SUID: SUID stands for set user ID and allows users to execute the file as the file owner. This is defined as giving temporary access to a user to run a program/file with the permissions of the file’s owner rather than the user who runs it. This can easily be detected by the use of the “Find” command. To find all files with SUID set in the current directory we can use-perm option which will print files only with permissions set to 4000.

Capability: Security of Linux systems can be improved by using many actions. One of these measures is called Linux capabilities which are maintained by the kernel. In other words, we can say that they are a little unintelligible but similar in principle to SUID. Linux’s thread privilege checking is based on capabilities.

Uses of capabilities

Capabilities work by breaking the actions normally reserved for root down into smaller portions. The use of capabilities is only beginning to drop into userland applications as most system utilities do not shed their root privileges. Let’s move ahead that how we can use this permission more into our task.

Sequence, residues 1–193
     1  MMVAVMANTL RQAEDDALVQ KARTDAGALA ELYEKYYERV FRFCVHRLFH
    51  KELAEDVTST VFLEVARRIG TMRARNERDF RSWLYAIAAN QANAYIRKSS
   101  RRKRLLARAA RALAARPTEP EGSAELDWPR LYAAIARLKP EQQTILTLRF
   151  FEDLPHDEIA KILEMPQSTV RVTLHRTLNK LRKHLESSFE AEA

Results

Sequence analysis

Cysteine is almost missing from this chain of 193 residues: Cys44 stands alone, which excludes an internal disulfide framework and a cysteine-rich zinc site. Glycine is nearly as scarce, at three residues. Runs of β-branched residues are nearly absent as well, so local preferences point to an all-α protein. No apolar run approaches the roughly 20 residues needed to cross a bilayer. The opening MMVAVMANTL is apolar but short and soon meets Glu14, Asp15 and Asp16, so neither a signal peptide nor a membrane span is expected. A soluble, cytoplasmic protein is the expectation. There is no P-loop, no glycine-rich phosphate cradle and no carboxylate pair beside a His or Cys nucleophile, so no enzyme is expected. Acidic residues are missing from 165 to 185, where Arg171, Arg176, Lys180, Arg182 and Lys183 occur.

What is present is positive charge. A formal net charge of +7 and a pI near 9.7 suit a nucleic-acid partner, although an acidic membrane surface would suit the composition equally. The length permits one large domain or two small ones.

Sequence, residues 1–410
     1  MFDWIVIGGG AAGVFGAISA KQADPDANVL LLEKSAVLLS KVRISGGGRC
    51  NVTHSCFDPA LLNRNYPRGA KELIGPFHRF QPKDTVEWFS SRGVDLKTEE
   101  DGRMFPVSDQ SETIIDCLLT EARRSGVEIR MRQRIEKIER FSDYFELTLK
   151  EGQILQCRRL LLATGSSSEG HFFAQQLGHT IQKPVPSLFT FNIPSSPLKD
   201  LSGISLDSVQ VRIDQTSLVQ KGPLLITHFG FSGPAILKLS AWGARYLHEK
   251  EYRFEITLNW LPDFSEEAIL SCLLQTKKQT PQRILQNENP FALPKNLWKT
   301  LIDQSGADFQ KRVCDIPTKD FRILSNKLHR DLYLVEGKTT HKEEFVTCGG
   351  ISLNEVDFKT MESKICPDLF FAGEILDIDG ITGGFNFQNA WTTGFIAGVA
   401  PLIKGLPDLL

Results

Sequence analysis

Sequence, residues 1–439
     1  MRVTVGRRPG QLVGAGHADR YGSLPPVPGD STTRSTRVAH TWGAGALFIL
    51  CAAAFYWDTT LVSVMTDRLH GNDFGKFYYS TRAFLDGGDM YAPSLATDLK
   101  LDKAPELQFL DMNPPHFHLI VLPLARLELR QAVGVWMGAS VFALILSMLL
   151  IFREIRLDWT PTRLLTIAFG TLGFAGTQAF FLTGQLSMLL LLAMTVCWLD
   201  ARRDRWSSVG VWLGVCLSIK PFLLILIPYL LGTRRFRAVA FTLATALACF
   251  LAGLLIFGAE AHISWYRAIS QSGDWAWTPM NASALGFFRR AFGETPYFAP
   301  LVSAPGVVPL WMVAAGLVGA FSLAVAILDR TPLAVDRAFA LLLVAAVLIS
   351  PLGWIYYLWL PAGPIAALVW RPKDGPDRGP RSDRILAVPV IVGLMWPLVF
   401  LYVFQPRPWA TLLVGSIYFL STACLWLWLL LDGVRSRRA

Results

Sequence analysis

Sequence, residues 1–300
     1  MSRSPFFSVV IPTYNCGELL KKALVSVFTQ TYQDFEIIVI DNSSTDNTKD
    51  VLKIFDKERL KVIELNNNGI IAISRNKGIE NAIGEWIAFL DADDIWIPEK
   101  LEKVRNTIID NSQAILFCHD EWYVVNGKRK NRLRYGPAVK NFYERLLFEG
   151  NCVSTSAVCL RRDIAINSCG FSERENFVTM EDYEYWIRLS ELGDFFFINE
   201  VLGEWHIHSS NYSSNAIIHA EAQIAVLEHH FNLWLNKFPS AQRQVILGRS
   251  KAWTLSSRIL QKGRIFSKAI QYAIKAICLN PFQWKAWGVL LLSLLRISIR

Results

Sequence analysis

Limited user’s permission: As we know Giving away too many privileges by default will result in unauthorized changes of data, backdoors and circumventing access controls, just to name a few. So to overcome this situation we can simply use the capability to limited user’s permission.

Using a fine-grained set of privileges: Use of capability can be more clearly understood by another example. Suppose a web server normally runs at port 80 and we also know that we need root permissions to start listening on one of the lower ports (<1024). This web server daemon needs to be able to listen to port 80. Instead of giving this daemon all root permissions, we can set a capability on the related binary, like CAP_NET_BIND_SERVICE. With this specific capability, it can open up port 80 in a much easier way.